We are still struggling with how it could possibly have happened. We realize that the abuse might have been uncovered and punished many years ago, if there had been someone that
the students could turn to. We failed in putting the needs and interests of the Jesuit priests and brothers ahead of the welfare of our students.
We vow that this will never be “the way things are” ever again. Amongst the heartache, we have delighted in stories about how students outwitted their teachers and kept their spirit alive through practical jokes and ingenuity. Our students understood their instructors and their human frailties so much better than their teachers understood them. They fought against the unfairness of the system with humour and good nature.
We have heard of brave students who were resourceful enough to set out for their home communities. We are ashamed of the harsh punishments that they received when they were brought back by the authorities.
We offer a sincere prayer of thankfulness that no young lives were lost at our school because students ran away.
We have learned from these harsh lessons and have become stronger from your example. To the students who have defended us and taken our part, we are truly grateful. We will
strive to prove ourselves worthy of the respect and love that you have shown your teachers.
We are deeply grateful to the communities that have continued to welcome us as pastors and as friends in the years since the Spanish Residential Schools closed.
We are humbled by your love and forgiveness. We have never had to beg for reconciliation; you have offered it to us freely for so many years by your example.
We ask for your forgiveness for any role that our school may have played in sowing distrust and division between Catholic and Protestant families. It is not enough to decry the narrow
mindedness of the times. By teaching intolerance in our schools, we sowed division where it had never existed.
Many of you have asked when the reconciliation between the churches will occur. We desire and pray that it is happening today as we move together in healing with our friends in the Ecumenical Working Group.
Finally, we have learned of the terrible inequality that continues to exist between the educational opportunities for white students and students from First Nations in Canada. Young people are still being transported to white communities, to obtain an education in an environment that is foreign to them. This is exactly what happened in the past and we seem to be reliving it again.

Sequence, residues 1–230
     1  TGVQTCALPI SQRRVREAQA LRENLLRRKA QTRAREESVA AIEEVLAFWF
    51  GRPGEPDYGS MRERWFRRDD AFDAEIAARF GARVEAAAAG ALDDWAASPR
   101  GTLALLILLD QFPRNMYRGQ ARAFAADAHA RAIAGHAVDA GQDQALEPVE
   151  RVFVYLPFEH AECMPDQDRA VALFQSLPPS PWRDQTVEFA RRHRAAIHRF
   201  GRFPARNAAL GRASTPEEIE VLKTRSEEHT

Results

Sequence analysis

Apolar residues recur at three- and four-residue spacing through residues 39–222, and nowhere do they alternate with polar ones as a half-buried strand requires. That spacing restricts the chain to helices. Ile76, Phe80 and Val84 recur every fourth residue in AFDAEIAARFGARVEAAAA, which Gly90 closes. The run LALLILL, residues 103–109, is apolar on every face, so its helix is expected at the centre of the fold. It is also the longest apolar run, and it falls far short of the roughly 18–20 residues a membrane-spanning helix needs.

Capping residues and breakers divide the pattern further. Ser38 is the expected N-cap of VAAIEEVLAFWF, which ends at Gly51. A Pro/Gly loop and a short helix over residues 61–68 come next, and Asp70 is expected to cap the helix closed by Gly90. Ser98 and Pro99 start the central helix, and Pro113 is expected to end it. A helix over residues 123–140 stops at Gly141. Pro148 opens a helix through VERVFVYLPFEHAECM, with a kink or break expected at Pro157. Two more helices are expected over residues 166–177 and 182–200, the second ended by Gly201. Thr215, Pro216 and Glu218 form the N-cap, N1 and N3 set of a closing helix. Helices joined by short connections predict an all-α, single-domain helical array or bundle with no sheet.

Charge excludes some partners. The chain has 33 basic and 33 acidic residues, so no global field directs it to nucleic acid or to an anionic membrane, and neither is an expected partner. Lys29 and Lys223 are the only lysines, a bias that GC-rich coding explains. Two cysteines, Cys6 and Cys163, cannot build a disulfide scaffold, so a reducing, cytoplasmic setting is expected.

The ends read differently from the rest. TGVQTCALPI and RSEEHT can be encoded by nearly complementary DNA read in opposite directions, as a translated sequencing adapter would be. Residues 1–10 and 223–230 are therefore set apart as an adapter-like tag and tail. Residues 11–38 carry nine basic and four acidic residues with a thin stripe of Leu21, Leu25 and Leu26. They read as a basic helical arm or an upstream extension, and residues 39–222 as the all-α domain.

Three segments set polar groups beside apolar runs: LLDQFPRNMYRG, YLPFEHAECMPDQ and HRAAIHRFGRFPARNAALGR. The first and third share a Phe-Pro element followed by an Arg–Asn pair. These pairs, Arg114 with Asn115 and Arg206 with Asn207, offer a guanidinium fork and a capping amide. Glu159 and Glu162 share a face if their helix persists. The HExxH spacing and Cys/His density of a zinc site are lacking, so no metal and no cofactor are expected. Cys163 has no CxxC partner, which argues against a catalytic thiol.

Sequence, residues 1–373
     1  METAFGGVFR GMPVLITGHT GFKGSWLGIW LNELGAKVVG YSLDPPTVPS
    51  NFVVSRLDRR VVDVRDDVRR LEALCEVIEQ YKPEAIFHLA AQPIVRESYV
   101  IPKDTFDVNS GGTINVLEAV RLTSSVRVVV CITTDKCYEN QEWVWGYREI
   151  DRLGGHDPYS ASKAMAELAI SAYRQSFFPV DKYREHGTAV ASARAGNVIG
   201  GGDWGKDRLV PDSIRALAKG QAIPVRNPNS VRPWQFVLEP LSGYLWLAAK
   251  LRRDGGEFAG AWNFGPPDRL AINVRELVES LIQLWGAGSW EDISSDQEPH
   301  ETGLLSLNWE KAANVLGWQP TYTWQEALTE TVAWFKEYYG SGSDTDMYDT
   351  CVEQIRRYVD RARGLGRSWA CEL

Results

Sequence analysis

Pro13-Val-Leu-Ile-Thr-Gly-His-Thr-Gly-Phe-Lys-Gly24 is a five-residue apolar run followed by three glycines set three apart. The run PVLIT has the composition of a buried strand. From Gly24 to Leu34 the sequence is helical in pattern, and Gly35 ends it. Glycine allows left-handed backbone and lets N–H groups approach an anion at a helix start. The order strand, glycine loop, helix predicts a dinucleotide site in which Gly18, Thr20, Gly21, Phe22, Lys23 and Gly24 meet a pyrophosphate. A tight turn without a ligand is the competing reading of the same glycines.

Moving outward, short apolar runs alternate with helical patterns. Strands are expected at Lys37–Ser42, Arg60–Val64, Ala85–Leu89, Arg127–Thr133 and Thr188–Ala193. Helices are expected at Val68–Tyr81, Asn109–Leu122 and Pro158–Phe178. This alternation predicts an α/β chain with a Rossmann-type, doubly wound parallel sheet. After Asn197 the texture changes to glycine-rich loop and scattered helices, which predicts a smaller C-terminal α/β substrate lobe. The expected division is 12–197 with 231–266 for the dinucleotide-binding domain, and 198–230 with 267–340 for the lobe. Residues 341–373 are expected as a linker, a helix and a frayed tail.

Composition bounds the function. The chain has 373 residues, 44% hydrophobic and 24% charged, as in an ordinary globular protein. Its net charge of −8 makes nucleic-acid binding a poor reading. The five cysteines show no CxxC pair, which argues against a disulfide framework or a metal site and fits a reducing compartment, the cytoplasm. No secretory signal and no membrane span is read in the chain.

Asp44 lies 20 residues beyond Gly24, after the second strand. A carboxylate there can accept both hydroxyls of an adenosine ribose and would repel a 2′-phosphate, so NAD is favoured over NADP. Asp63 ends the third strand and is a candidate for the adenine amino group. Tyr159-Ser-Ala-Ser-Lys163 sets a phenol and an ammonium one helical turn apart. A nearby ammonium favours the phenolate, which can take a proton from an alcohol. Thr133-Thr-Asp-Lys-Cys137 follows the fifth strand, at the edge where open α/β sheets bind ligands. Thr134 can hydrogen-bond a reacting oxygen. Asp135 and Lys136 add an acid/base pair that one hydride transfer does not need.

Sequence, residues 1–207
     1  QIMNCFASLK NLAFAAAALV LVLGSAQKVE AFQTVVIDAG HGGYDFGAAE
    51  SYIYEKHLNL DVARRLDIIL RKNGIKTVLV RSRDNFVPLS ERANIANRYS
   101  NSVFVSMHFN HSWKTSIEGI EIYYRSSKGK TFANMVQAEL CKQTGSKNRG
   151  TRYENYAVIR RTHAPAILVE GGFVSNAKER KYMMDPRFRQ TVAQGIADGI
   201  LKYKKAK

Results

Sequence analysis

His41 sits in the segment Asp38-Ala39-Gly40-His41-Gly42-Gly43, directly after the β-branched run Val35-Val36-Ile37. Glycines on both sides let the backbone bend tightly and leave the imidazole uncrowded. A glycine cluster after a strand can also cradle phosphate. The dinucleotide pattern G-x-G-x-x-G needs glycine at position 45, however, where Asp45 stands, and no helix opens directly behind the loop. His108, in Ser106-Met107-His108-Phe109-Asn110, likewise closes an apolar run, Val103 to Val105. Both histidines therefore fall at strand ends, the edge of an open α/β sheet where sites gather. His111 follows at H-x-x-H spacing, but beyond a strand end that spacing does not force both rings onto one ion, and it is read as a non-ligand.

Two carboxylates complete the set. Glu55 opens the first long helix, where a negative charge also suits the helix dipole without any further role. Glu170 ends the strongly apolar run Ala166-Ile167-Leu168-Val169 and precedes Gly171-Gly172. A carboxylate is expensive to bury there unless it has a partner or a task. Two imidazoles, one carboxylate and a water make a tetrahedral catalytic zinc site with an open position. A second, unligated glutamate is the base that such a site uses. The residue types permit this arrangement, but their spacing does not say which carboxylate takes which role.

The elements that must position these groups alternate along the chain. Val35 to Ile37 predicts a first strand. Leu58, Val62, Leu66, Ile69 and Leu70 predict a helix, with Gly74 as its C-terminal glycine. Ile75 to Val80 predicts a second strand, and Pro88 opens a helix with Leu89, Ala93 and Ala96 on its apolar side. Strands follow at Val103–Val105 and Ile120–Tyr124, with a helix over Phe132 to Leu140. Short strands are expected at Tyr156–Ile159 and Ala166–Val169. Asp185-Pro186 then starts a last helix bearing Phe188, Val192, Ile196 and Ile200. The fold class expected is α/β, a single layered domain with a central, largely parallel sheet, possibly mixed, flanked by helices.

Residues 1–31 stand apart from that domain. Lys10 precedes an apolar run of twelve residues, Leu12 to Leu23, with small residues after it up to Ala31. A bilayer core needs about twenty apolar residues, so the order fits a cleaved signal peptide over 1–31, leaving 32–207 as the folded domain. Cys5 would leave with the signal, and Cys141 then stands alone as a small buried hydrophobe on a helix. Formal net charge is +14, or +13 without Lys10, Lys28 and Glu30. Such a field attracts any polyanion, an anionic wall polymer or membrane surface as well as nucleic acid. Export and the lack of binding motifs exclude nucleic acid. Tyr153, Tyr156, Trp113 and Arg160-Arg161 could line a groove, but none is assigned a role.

We share Shannen Koostachin’s dream that in our lifetime we will see equal opportunities for education in the home community of every Canadian. We will do everything in our
power and influence to ensure that this comes to pass and the injustices of the past are not perpetuated.
You had the courage to stand up and speak out about the past. You can help us all to open our minds and our hearts to understand and to stop the destruction now and not have to go
through this all over again.
Today we stand before you to pledge our support in the rebuilding of your language and culture. We cannot undo the things that are done, but we can take positive and meaningful
steps to rebuild.
We have opened our Archives so that the whole picture of the Residential Schools can be seen.
We will unlock the doors to the ancient books that preserved the languages of the First Nations and make copies available to people in their own communities.
These precious resources will never again be the exclusive property of white scholars and academics.
We thank the Commissioners for challenging us to undertake this journey of self-examination and reflection with them. We will work hand in hand with our students past and present to bring all these things to pass.
May the Creator God who sees all and knows what is truly in our hearts, bring us together. May the Blessed Kateri Tekakwitha guide us that we can learn from each other, for she
is a model for us all.
May we come once again to call each other “friend”.
Father Peter Bisson, SJ, Provincial
Father Winston Rye, SJ